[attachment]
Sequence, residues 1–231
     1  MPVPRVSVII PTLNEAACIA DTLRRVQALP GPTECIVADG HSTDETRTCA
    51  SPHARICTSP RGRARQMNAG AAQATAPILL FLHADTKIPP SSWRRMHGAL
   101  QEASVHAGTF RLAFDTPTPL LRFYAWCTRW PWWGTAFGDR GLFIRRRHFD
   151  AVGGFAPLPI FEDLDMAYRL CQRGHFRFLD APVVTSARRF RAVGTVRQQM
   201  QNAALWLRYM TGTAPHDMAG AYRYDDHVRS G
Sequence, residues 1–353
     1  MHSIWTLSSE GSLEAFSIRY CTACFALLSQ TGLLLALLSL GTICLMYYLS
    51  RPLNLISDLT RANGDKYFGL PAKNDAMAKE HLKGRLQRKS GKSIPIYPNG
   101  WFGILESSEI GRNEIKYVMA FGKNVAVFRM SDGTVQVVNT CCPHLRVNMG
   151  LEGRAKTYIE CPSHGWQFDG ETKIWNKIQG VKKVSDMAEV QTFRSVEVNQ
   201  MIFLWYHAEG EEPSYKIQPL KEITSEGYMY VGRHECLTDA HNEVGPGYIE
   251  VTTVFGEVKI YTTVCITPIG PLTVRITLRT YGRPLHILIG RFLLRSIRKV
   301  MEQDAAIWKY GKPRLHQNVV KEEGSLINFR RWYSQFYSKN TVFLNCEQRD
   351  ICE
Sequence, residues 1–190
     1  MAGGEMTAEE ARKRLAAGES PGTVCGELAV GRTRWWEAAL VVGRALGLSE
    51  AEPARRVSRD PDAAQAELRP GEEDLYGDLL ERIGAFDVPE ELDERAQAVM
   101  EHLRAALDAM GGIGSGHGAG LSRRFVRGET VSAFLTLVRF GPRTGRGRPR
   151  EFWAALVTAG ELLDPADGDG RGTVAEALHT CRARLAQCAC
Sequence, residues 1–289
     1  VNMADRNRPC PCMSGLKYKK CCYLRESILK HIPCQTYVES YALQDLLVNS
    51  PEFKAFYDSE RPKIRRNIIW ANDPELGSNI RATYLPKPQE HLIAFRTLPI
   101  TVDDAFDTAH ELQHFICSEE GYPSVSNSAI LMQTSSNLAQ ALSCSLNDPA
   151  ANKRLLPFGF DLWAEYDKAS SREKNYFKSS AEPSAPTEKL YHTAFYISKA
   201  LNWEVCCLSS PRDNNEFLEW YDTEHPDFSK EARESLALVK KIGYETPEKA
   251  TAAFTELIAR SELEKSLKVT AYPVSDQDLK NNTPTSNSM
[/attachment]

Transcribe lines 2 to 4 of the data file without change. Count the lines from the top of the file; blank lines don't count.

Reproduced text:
     1  MPVPRVSVII PTLNEAACIA DTLRRVQALP GPTECIVADG HSTDETRTCA
    51  SPHARICTSP RGRARQMNAG AAQATAPILL FLHADTKIPP SSWRRMHGAL
   101  QEASVHAGTF RLAFDTPTPL LRFYAWCTRW PWWGTAFGDR GLFIRRRHFD